Bodegas Casa de la Ermita

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BODEGAS Y VIÑEDOS CASA DE LA ERMITA

D.O. JUMILLA

Now, be fair – I did warn you!

This is the third article I’ve written over the last couple of months that features a bodega which comes under the auspices of Denominación de Origen Jumilla! I’m not apologising because I know that readers won’t be complaining, after they’ve tasted the wines featured in this week’s column! Once again, Jumilla proves itself to be a supreme source of southern Spanish wines – an alliterative, as well as a vinous, mouthful!

To say that in the growing season, Jumilla is hot, could well qualify me for the understatement of the year award! It’s more like a furnace than an oven! However, where the vineyards are planted at 600 – 800 metres above sea level, there is some respite from this heat at night when temperatures do cool down considerably.

Along with earlier picking than in past, bulk-wine-only days, and a greater emphasis on canopy management, allowing more leaf growth to provide shade, this ensures sufficient acidity to be present in Jumilla wines. There is still a richness, opulence even, in Jumilla reds, but there is freshness and an increased aromatic profile too, making wines from this region all the more desirable.

The traditional permitted white wine grapes Airén and Macabeo have been supplemented in recent years by more international varieties, making Jumilla white wines, refreshing and clean with lovely flavours and fragrances. Those bodegas lucky enough to have north facing, high altitude white wine variety vineyards are finding that their whites are becoming almost as highly prized as their red wines.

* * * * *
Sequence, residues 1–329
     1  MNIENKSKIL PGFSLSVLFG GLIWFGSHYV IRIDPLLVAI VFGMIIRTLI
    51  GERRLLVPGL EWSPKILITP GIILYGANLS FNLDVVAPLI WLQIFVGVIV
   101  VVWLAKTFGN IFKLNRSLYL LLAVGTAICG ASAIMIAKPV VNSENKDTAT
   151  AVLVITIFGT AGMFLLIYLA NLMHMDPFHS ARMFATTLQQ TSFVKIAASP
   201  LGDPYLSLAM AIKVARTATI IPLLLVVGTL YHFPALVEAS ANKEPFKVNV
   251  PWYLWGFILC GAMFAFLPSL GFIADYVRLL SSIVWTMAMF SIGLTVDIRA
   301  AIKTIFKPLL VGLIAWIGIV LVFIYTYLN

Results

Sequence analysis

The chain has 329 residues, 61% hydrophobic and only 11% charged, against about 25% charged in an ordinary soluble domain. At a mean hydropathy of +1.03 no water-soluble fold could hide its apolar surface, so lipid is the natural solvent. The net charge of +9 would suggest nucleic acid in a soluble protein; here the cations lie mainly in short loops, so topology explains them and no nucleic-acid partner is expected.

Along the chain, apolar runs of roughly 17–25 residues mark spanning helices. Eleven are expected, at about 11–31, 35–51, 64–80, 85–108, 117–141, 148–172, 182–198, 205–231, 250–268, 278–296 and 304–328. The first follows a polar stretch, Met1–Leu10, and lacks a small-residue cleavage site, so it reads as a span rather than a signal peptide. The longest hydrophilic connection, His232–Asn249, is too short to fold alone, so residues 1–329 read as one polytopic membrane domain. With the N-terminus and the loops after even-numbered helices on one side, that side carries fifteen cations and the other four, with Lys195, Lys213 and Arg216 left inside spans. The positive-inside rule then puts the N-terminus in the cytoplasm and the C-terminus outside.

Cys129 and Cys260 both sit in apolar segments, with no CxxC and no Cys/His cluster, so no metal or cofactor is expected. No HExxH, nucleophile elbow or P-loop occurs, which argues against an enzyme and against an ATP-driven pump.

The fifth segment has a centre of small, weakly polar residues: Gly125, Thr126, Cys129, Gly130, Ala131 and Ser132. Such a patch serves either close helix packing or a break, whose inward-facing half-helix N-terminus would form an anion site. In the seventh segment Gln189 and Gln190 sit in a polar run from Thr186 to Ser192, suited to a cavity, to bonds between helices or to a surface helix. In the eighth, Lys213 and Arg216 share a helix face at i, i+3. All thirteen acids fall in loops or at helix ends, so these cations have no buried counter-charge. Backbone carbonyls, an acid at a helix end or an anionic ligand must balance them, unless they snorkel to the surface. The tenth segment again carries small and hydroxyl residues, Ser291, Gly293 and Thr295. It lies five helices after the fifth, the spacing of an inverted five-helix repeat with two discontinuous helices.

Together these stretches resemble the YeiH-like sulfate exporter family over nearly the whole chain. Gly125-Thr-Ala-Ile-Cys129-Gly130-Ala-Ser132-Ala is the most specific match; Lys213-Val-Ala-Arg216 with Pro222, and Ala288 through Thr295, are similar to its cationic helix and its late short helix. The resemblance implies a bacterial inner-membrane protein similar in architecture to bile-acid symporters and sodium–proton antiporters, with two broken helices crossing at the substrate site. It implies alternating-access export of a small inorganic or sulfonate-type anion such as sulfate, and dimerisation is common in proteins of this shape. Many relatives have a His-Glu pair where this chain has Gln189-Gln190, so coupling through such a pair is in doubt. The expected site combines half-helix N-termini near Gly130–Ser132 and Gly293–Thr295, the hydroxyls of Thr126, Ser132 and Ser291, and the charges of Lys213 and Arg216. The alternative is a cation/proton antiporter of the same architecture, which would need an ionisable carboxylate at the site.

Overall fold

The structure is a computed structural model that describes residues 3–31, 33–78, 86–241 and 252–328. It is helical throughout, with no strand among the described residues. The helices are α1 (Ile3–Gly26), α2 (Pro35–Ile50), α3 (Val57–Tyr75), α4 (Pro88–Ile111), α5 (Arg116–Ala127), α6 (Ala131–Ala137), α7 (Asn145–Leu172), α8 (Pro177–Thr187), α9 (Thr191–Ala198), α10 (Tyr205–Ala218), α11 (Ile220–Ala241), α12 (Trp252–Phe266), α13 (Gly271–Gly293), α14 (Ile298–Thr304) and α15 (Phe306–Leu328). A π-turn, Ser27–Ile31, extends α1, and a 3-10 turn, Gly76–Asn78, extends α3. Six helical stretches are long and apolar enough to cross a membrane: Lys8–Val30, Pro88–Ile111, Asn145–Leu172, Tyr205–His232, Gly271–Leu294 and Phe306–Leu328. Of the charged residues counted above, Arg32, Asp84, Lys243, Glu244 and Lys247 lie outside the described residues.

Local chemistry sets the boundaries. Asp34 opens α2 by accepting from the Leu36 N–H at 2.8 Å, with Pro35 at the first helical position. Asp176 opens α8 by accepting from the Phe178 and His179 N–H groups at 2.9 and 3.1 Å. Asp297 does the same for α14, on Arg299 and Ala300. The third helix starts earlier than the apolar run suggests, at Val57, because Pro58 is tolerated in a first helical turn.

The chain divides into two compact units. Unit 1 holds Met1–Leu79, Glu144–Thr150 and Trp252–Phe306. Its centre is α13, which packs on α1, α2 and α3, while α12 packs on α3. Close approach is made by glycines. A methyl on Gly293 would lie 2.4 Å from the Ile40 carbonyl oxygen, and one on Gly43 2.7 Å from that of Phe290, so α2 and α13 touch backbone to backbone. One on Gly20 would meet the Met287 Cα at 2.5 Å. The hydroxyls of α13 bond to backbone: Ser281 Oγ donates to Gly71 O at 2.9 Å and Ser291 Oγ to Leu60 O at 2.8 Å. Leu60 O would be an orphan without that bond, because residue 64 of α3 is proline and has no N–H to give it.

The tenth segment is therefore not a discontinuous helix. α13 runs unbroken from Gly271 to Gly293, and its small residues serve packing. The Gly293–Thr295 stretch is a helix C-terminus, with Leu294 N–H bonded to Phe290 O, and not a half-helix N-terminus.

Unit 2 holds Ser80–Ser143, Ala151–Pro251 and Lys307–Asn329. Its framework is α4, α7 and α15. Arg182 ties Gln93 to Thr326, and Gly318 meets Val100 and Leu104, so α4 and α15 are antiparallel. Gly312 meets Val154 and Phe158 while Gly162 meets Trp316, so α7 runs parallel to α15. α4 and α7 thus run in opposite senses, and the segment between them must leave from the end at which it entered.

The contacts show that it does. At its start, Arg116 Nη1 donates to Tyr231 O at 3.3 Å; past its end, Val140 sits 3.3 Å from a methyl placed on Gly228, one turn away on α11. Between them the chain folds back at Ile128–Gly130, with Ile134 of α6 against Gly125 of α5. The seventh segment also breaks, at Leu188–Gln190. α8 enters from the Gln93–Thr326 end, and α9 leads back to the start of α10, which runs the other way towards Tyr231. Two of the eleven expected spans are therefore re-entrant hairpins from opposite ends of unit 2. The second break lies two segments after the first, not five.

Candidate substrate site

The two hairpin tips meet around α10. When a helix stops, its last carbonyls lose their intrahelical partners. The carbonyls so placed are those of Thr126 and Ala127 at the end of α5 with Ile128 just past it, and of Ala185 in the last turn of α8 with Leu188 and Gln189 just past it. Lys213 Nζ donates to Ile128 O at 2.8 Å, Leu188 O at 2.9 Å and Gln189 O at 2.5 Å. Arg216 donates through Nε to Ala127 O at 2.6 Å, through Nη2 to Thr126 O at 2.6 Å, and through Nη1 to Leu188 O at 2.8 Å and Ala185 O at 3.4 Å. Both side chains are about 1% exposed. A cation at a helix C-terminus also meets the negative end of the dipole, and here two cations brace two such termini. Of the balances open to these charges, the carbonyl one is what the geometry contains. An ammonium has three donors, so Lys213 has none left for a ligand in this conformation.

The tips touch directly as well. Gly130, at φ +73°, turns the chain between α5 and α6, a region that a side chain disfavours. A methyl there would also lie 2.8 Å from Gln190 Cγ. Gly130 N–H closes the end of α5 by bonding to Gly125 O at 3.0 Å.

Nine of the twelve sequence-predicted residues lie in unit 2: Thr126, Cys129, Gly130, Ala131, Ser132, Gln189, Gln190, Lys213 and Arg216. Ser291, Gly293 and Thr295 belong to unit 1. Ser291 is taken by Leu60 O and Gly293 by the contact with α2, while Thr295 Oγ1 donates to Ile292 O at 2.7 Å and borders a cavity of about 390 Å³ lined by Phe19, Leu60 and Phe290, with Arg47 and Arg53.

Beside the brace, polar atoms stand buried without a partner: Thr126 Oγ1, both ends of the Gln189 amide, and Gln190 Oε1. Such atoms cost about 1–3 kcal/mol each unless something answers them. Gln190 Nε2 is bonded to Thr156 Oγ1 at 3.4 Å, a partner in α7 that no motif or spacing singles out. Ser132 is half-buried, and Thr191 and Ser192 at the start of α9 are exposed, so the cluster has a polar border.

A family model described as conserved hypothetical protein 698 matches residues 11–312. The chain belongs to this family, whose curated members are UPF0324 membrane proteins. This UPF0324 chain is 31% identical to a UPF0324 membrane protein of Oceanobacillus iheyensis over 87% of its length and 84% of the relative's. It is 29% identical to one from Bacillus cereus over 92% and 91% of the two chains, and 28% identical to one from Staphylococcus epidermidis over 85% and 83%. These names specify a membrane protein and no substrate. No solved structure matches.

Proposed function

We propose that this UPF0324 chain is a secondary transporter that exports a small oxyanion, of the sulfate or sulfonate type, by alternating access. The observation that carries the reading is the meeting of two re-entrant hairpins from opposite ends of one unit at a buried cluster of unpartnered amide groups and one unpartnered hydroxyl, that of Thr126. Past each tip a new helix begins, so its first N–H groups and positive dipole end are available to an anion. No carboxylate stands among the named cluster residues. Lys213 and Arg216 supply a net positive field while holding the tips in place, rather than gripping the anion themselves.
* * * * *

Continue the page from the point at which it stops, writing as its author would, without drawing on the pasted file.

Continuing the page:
And it’s with a white Casa de la Ermita wine that I’d like to start my notes this week, the more so when, at the time of writing it’s 33ºC at 5pm in the afternoon! Fresh, clean, tasty and aromatic wine is just what I need!

For some reason (I’m not sure I approve actually!) it seems to be a mystery as to which varieties are used for this wine. One of my favourite white wine grapes is Viognier, whose home is in the Rhône Valley, France. However, according to the website (www.casadelaermita.com) it is adapting very well at Casa de la Ermita and this, along with a slightly subdues apricot nose makes me think that there must be some Viognier at least in the blend of the simply named Casa de la Ermita Blanco.

It’s a refreshing and cooling aromatic white wine that will be perfect with salads, fish and shellfish and there’s enough acidity to cut through any accompanying sauces too.

There’s also a slight mystery about the idiosyncratically named and labelled Lunático Monastrell red wine, that for me has to be a flagship wine, which speaks of the quality of Monastrell, its history as the variety of choice for the area for hundreds of years, but designed also to enfranchise younger wine drinkers.

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I think that sometimes bodegas over-simplify their wines in a, probably unconsciously patronising, effort to sell to the younger generation. I agree that aromatic (red, rosado and white) fruit driven wines will be attractive to younger consumers, but this doesn’t mean that appreciating depth of flavour, complexity and length are concepts beyond them!

Youngsters may not want to talk in such terms. Wine-speak may not be in their vocabulary yet, or indeed it might be, but they may well eschew the ramblings of the older wine cognoscenti, preferring to simply enjoy the wines. They can still tell a quality wine from an entry level, fruit cocktail!